“Besides the get offa my lawn guy? No.” He stepped up onto the porch, knocking on the white painted hollow metal door. “Although the lawn in back needs a good shaving, unless they’re planning to film the next Tomb Raider movie back there.”

Gryphon was suddenly overcome by a strange, familiar feeling, a cold wave down his spine that made him shiver convulsively as his fingertips went numb. O’Leary was saying something behind him, but his voice sounded frail and distant, noises from a hallway on the floor below. Standing beside him was an elderly woman, her hair a nimbus of blue rinsed curls, a small, frail body hidden beneath a loose pale blue dress and a tan cardigan held together by a chain clip in the front. She had on clear framed glasses that still seemed thick, riding on the end of her nose. Her eyes were almost colorless, her skin as thin as parchment and almost as pale, lines gathered in the corner of her mouth, at her eyes, under her eyes. Her lips were cracked and knuckles gnarled by arthritis. “I’d let you in if I could, but I don’t seem able to right now.”

Looking at her, he knew all he needed to. “You’re still inside, Hazel?”

“I think so. I’d thought one of my kids would have visited by now. Who are you?”

“No one; just an intermediary.”

“An angel?”

That startled a laugh out of him. “God, I’d hope not. But it’ll be okay now. I’ll make sure you’re found.”

She nodded, her mouth curving downwards in a skeptical frown, but she really had no choice in the matter. Who else was she going to appeal to?

O’Leary grabbed his shoulder, and once again the connection was gone, reality suddenly roaring back in a wave of noise, light, and color that seemed momentarily overwhelming. He shook his head and closed his eyes, trying to gather his foundering wits, as O’Leary continued to rant, “ – fuck’s the matter with you? Do you have seizures or something? You’re always doing this -”

Gryphon spun around and backed up a step, almost falling off the porch. “Call your cop buddies, let them know there’s a dead body in the house, okay?”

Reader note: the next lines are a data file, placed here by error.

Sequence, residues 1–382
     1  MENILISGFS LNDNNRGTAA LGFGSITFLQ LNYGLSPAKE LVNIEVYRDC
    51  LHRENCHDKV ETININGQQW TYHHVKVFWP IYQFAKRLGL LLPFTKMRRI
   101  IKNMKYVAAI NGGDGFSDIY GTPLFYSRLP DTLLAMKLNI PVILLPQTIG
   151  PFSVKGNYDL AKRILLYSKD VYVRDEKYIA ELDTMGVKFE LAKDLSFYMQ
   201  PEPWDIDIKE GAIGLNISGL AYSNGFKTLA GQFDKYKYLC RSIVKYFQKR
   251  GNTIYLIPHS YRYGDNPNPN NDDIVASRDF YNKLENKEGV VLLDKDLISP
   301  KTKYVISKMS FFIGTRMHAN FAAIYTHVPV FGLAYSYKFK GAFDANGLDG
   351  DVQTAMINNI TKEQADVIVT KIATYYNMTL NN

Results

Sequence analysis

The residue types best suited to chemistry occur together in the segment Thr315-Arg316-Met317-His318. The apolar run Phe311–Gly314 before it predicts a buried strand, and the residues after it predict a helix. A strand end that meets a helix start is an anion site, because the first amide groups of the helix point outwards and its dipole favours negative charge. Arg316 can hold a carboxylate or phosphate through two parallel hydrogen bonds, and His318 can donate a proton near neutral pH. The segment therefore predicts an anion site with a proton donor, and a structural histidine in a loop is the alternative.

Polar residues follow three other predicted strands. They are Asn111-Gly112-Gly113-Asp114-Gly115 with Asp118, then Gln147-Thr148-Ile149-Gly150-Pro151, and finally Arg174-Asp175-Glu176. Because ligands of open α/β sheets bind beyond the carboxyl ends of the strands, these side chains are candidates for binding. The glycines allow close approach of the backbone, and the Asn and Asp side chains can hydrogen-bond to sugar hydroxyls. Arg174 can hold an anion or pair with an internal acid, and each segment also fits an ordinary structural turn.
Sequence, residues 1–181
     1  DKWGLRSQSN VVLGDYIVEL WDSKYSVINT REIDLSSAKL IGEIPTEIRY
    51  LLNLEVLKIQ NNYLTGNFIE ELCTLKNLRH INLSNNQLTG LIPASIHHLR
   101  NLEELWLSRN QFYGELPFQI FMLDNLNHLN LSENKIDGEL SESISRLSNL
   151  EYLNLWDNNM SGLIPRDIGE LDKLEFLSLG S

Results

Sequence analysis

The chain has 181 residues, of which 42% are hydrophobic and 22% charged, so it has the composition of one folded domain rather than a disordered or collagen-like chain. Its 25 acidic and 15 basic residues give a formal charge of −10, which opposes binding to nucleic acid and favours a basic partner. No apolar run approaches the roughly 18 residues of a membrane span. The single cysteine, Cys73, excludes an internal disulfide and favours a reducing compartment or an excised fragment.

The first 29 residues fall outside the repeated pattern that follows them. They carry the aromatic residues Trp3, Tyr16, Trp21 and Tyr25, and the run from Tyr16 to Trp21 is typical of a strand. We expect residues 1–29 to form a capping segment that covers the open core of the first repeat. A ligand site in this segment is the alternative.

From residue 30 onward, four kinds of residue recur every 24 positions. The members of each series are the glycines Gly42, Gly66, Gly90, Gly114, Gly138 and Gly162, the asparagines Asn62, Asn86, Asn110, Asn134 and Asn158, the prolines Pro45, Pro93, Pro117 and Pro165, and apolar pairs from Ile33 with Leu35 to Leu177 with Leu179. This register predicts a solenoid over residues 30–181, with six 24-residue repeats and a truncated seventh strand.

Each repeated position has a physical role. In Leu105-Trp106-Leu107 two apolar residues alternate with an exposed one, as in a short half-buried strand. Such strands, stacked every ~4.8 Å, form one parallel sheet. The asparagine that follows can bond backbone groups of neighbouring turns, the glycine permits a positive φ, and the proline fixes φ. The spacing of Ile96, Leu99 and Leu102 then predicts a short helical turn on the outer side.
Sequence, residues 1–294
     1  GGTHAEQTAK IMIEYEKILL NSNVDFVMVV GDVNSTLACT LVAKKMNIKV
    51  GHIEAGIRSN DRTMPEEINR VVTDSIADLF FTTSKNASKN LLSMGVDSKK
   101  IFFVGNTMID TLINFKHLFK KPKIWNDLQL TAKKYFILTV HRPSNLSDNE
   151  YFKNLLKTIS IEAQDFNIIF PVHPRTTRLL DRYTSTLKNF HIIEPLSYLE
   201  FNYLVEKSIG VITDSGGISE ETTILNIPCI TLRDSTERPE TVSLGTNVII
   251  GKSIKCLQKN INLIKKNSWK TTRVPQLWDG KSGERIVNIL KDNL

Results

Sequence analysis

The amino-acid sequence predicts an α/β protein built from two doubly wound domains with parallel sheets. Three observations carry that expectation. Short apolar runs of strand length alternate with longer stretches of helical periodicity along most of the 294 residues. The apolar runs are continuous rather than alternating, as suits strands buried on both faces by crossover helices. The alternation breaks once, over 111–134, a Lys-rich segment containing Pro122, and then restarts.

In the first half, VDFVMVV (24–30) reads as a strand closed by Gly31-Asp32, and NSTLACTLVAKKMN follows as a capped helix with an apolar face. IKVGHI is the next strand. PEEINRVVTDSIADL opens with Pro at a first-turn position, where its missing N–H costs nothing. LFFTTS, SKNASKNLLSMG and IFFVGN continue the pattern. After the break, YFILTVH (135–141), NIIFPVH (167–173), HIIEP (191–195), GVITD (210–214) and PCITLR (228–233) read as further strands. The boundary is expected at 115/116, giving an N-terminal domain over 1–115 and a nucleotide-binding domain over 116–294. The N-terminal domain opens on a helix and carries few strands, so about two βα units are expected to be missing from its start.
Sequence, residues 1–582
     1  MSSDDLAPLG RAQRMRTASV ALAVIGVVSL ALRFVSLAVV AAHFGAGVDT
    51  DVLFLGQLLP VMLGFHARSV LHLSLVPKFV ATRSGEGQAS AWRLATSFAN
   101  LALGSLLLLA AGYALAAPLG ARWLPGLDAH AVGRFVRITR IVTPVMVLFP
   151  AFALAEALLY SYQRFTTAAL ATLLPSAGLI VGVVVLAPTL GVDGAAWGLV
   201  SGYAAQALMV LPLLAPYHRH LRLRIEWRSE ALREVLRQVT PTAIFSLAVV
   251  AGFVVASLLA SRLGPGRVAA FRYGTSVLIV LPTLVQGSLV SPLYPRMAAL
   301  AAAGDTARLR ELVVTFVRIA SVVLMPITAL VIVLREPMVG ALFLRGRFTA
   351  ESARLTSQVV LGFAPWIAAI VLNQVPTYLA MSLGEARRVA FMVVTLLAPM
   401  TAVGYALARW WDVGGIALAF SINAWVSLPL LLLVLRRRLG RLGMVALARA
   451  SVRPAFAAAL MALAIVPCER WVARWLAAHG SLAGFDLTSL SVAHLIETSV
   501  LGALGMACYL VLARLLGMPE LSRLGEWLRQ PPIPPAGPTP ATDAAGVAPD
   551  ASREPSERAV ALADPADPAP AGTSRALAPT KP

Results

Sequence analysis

O’Leary just stared at him. “You found her?”

“No, I found the current resident, Hazel White. She died last week, from a stroke I think, and no one’s found her yet. If you want to open the door you’ll probably smell it for yourself, but I really wouldn’t advise it.”

“Is this normal? Do you find dead bodies wherever you go?”

“Generally. It makes sense, since I’m apparently death and all, but I must admit that finding someone who died of natural causes is a refreshing change.”

He walked back to the truck, only aware that he’d left O’Leary there on the porch when he asked in a small, disbelieving, “oh-my-god-I’m-with-a-crazy-person” voice, “What d’ya mean you’re death?”

Gryphon stared at him, and wondered if he could handle the truth. Jeff McCandless was standing behind him, arms crossed over his chest, scowling as deeply as Human possible. This man, handle truth? He wasn’t even handling his own very well right now. “I was kidding,” he lied. “Where’s your sense of humor?” He didn’t wait for a reply, just got in the truck.

I like this even less than usual, Hugh said, as Gryphon noticed the lawn ghost still glaring at him from the corner of his eye. But at least he was outside the truck.

“I ain’t crazy about it either, but so far it’s been a harmless diversion.”

Diversion? Ruby replied angrily. There’s some freakazoid serial killer out there! We should be finding him, not fucking around, helping some washed up cop assuage his guilt.

Assuage! Ray said. Wow, I had no idea twenty dollar hookers could use ten dollar words.

Before Ruby could justifiably bite his head off, Sylvio exclaimed, Would you just shut the fuck up? How dare a white trash fuck up like you put anyone down anyways! You were killed in the commission of a felony, you dirt bag asshole! What delusion are you operating under that allows you to feel superior to anyone?

There was a long moment of silence before Ray responded. You got a crush on the hooker, boy?

Did you just call me boy? Sylvio replied in disbelieving anger. It didn’t matter so much when you were dead, but when he was alive, Sylvio was mixed race, half-black and half-white.

Ray, I will figure out a way to knock you out if you don’t zip it now, Hugh warned. And go ahead and make any gay slur you want, but all you’re doing is convincing me you’re in the closet. I know a self-loathing queen when I meet one.

I ain’t no fag!

They all say that, Hugh replied witheringly. At first.

Ray didn’t seem to realize he’d already lost control of the conversation, and kept digging himself in deeper. I ain’t no queer, damn it! I fucked women!

So did I, Hugh said casually. I was once hit with a paternity suit.

You got a kid? Ruby asked in shock.

Possibly, but not that one. The DNA didn’t match. She got around a bit, let’s just put it that way, and I was the only one of the group of suspects with steady employment and health insurance. I think she went with the best case scenario at first, but the reality was probably ugly. The father was probably an unemployable hobo whose brain was so soaked in alcohol it was officially pickled.